days before beginning our summit push. Within 10 to 12 hours, we'll reach
'The Balcony' at 8,400 m (927,700 feet). The Balcony provides spectacular
views to the radiant peaks.
Follow Cornice Tracerse
At 8,750 m (28,700 feet), a small table-sized dome of is snow marks the
South Summit. From South summit, we will follow the knife-edge southeast
ridge along the 'Cornice Traverse' where snow clings to intermittent rock.
This is the most exposed section of the climb as a misstep to the left would
send one 2,400 m (8,000 ft) down the southwest face while to the immediate
right is the 3,050 m (10,000 ft) Kangshung face. At the end of this traverse
is an imposing 12 m (40 ft) rock wall called the 'Hillary Step' at 8,760 m
We have finally completed our trek to Mount Everest. Now it's time to
: Arrive Kathmandu (1,300 meters)
: Fly to Lukla (2860m). Walk to Phakding (2652m)
: In Kathmandu, visit temples, tour the city, shop
: Walk to Namche Bazaar (3446m)
: Rest and acclimatization in Namche
: Walk to Pangboche (3757m)
: Walk to Pheriche (4250m). Visit the Himalayan Rescue
Association health clinic.
: Walk to Lobuche (4930m)
: Rest in Lobuche
: Walk to basecamp (5300m)
: Rest and training day in basecamp
: Climb partway to camp 1 at 5800 metres. Return to basecamp
: Climb to camp 1 at 5800 metres. Return to basecamp.
: Walk to camp 2 at 6200 metres, return to camp 1, sleep there
: Rest in camp 2
: Explore route to Camp 3 (7300m), return to camp 2
: Return to basecamp
: Explore route to camp 4 at 8000 metres, return to camp 2.
: Attempt summit. Return to camp 4.
: Return to camp 2 and then to the Base Camp
Day 21, 22
: Attempt summit.
: Return to camp 2 and then to the Base Camp.
: Trek down to Pheriche. Camp.
: Trek down to Pangboche. Teahouse or camping.
: Trek to Namche, Teahouse or camping.
: Trek to Lukla. Teahouse or camping.
: Flight to Kathmandu. Hotel.
: Fly Home. Thanks for joining our mounatineering expedition!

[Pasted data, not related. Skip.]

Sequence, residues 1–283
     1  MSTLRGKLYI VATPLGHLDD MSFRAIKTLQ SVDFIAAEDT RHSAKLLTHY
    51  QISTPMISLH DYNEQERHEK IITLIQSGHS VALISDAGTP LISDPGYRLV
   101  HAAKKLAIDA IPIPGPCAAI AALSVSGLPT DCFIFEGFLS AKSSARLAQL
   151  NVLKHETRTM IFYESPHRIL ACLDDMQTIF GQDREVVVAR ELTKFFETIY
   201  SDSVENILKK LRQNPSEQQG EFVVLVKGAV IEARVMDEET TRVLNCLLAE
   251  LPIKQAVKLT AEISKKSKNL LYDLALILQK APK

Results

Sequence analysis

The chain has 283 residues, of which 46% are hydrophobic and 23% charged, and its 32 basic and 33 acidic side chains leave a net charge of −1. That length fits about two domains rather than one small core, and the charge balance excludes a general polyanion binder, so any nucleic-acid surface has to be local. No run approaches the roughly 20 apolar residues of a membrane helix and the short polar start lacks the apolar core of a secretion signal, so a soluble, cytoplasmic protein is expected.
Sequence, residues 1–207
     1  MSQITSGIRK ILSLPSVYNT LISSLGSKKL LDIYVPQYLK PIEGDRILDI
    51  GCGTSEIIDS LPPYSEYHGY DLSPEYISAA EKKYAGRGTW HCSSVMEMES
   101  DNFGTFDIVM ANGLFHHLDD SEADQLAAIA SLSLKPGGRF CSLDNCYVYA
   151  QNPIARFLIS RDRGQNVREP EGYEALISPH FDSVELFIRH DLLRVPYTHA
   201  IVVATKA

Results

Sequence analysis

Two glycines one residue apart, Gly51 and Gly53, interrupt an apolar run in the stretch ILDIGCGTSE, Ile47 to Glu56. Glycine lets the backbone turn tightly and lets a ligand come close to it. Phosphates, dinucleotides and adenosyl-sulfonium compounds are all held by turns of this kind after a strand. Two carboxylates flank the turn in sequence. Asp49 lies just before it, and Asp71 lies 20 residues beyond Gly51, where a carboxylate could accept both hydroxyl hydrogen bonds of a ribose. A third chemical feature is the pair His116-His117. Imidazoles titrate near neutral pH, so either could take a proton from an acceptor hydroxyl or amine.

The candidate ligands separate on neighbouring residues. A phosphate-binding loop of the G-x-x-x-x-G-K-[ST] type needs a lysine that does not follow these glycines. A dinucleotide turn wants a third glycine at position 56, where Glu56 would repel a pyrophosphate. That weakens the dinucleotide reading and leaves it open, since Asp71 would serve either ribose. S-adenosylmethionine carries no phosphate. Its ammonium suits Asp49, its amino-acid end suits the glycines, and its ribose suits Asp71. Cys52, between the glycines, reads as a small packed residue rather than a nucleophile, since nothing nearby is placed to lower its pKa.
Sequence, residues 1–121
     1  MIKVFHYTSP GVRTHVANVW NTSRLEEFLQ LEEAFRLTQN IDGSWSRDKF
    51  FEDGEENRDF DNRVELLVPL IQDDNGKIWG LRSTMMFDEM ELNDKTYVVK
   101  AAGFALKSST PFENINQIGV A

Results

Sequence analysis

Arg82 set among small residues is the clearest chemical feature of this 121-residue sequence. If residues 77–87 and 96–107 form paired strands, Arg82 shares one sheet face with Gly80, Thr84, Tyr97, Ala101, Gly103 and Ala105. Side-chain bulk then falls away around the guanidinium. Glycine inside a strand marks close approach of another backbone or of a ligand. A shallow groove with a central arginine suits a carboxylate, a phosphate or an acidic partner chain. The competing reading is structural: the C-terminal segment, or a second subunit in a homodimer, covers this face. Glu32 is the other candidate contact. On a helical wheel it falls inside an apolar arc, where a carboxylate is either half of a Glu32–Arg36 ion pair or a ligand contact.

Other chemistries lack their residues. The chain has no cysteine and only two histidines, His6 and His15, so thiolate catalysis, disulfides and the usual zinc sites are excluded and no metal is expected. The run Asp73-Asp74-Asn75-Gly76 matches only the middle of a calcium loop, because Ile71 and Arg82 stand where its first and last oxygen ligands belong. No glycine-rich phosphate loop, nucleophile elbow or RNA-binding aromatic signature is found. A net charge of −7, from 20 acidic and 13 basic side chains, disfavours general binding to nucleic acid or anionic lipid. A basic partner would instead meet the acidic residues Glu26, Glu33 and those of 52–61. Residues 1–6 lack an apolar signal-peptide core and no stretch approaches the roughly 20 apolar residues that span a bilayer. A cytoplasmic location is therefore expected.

"Everest for me, and I believe for the world, is the physical and
symbolic manifestation of overcoming odds to achieve a dream"
- Radhanath Sikdar, an Indian mathematician and surveyor from Bengal,
was the first to identify Everest as the world's highest peak in 1852,
using trigonometric calculations based on measurements of "Peak XV".
- Edmund Hillary and Tenzing Norgay Sherpa from Britain were the first
to climb Mount Everest successfully in 1953.
- In Nepal, the mountain is called Sagarmatha meaning 'Goddess of the
Sky'. This name was invented in the early 1960s by Baburam Acharya when
the Nepalese government realized that Mount Everest had no Nepalese
- Everest has been named after Sir George Everest in 1865, the British
surveyor-general of India. The mountain was once known as Peak 15.
Tom Whittaker "The highest of the world's
mountains, it seems, has to make but a single gesture of magnificence to be
the lord of all, vast in unchallenged and isolated supremacy"
"Everest is a matter of universal of human endeavor, a cause from
which there is no withdrawal, whatever loses it may demand"
G O Dyrenfurth
- Get your oxygen masks and protective clothes before starting.
- Get your medical check up done in advance.
- While trekking be with the group and do not go off the track.
- Do not experiment with the route.
- Get the prerequisite permission from the Nepal Mountaineering